Solveig Hanson wants to make a flavor wheel for beets.
As she described it on Wednesday morning to a group of 10 local chefs, the wheel would resemble a flavor wheel for wine, with axes for earthiness and sweetness branching out into more detailed descriptors.
Hanson, a plant breeder and researcher at the University of Wisconsin-Madison, wants to answer an important question for famers who grow the beets and the chefs who buy them: What makes a Badger Flame different from a Chioggia or a Touchstone Gold, other than color? And if chefs could choose qualities in a beet, what would they pick?
“I’m excited to see what people come up with,” Hanson said quietly as chefs set to work, blind tasting eight kinds of beets at the Forequarter bar.
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Hanson’s tasting was organized by the Seed to Kitchen Collaborative, a five-year-old project born out of the UW-Madison Department of Horticulture. Founder Julie Dawson introduced the project to Cap Times readers about a year and a half ago, when she offered one of CT’s Bright Ideas for 2017.
“Over the past 50 years ... flavor and quality haven’t been priorities because the seed market hasn’t prioritized them,” Dawson said at the time. “Breeders are still interested in it, but varieties sell based on volume. So people are going back to heirlooms and older varieties that have that flavor, but they’re not necessarily the easiest varieties for farmers to grow.”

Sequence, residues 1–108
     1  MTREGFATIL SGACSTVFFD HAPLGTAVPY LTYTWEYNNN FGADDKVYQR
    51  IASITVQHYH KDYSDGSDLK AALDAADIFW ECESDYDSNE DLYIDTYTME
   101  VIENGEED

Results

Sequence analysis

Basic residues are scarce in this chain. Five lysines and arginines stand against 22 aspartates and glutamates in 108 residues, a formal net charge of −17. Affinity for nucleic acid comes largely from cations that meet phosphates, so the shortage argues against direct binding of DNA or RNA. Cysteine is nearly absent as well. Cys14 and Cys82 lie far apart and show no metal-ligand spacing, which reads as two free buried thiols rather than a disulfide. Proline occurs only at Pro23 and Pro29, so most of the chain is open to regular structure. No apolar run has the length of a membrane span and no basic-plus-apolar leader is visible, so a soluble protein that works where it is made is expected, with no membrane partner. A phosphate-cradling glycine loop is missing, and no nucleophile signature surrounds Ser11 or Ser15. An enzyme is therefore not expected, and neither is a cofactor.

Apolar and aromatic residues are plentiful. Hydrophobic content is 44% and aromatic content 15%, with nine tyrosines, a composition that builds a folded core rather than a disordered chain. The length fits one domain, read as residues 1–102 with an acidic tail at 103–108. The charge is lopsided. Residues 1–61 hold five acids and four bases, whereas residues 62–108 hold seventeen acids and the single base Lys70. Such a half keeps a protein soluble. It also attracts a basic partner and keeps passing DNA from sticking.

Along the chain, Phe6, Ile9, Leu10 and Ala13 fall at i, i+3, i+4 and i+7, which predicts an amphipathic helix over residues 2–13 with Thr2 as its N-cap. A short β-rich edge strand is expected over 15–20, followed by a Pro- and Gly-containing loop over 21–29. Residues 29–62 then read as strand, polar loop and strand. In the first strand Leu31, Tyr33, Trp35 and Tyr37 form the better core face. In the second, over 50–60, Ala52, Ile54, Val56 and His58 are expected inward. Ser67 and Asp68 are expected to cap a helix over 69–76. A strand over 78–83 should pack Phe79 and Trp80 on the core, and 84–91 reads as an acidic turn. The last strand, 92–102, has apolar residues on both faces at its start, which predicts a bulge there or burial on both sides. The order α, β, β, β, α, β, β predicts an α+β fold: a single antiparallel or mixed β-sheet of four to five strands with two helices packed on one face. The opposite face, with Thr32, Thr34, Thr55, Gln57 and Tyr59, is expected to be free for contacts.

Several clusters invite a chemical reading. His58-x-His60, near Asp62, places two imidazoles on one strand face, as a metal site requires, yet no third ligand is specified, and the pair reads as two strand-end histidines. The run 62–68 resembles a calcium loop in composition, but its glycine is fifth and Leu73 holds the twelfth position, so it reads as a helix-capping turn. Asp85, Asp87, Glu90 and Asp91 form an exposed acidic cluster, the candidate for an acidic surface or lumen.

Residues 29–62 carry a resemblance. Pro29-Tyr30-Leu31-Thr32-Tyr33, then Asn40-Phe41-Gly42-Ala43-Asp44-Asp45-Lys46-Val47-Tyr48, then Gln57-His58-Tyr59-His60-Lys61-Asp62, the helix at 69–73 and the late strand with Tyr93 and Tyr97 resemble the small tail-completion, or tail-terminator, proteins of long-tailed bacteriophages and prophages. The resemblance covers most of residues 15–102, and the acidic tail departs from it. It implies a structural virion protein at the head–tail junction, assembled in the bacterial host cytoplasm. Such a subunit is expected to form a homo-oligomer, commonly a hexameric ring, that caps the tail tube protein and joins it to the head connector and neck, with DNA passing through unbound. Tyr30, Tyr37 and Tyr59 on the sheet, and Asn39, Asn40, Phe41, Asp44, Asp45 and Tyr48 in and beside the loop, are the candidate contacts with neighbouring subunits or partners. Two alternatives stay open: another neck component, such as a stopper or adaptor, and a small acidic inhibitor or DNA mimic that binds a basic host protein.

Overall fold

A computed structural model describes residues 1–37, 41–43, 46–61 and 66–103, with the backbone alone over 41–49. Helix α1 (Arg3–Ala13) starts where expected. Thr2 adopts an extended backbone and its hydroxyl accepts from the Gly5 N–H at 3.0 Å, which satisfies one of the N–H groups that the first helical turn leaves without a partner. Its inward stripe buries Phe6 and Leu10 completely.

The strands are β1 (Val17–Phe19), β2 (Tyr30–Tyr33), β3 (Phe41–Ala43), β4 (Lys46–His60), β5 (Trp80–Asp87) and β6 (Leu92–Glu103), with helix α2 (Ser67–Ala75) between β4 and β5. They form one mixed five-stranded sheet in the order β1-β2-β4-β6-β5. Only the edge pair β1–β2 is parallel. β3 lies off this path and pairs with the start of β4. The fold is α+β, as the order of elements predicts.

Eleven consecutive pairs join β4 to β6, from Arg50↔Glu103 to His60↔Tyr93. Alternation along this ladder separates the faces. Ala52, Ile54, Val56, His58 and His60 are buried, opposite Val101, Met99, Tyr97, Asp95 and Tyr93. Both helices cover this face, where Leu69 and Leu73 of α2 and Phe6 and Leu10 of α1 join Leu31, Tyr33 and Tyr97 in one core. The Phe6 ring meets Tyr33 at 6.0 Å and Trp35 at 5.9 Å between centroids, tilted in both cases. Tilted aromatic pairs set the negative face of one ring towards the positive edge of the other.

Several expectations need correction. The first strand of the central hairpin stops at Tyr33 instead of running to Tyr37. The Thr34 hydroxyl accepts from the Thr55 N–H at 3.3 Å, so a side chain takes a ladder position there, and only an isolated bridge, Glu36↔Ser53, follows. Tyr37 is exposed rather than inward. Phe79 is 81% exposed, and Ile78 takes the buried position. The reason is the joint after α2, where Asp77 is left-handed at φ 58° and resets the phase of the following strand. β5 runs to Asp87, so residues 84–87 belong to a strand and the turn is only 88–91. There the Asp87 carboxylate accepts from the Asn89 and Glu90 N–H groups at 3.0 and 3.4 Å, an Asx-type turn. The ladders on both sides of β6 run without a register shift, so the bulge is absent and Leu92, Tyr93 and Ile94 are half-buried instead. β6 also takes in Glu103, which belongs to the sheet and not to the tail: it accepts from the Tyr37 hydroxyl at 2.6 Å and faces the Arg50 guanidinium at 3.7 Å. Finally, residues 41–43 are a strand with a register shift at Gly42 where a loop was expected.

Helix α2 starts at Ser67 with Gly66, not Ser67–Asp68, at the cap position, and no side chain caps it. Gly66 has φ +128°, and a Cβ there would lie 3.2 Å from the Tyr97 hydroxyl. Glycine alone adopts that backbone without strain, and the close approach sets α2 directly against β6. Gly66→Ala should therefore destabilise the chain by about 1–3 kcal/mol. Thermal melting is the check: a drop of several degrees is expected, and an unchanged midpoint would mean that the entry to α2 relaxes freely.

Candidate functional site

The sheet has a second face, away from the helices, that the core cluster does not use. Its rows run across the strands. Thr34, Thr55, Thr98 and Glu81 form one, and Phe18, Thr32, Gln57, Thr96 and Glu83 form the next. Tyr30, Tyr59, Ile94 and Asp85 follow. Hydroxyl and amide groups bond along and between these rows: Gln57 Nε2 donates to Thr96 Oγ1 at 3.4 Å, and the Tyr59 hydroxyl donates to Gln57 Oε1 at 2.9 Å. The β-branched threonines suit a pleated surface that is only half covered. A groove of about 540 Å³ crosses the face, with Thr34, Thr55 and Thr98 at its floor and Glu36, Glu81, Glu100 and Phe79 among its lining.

Seed to Kitchen schedules tastings every month throughout the growing season at local restaurants, like Dan Bonanno’s Pig in a Fur Coat and The Edgewater, where Joe Heppe led the kitchen before moving to I.d. in Delafield.
The goal is to build connections between plant breeders like Hanson, farmers who can bring those vegetables to market and the chefs who buy the veggies, cook with them and spread the good word.
“If we’re all able to get together and say, ‘That’s an awesome vegetable,’ and we’re all buying it at the market, then yeah, it’s going to show up,” said Sean Fogarty, executive chef at Steenbock’s on Orchard. “But they might not grow it the next year if I’m the only one buying it. It’s got to go through the market before it becomes readily available.
“Like 10 years ago you couldn’t find shishito peppers at the market, but today’s everybody’s growing them.”
Over the past few years, chefs in the Seed to Kitchen Collaborative have done blind tastings of kale and potatoes, winter squash, sweet corn and tomatoes. This week at Forequarter, the focus was Hanson’s beets, ranging in hue from deep, blood red (a variety called Bull’s Blood) to several varieties of white beets.
“Cooking can narrow the difference between beet cultivars,” Hanson said. “We also know that color influences flavor expectations ... (with darker colors) you expect more intense flavor. Lighter colors, people expect milder flavors.”
Chefs also tasted six varieties of cucumber brought by Dr. Yiqun Weng from his cucumber genetics lab. Fogarty’s favorite was an heirloom varietal from Japan called Yamato Sanjaku, a long, thin cucumber with small seeds.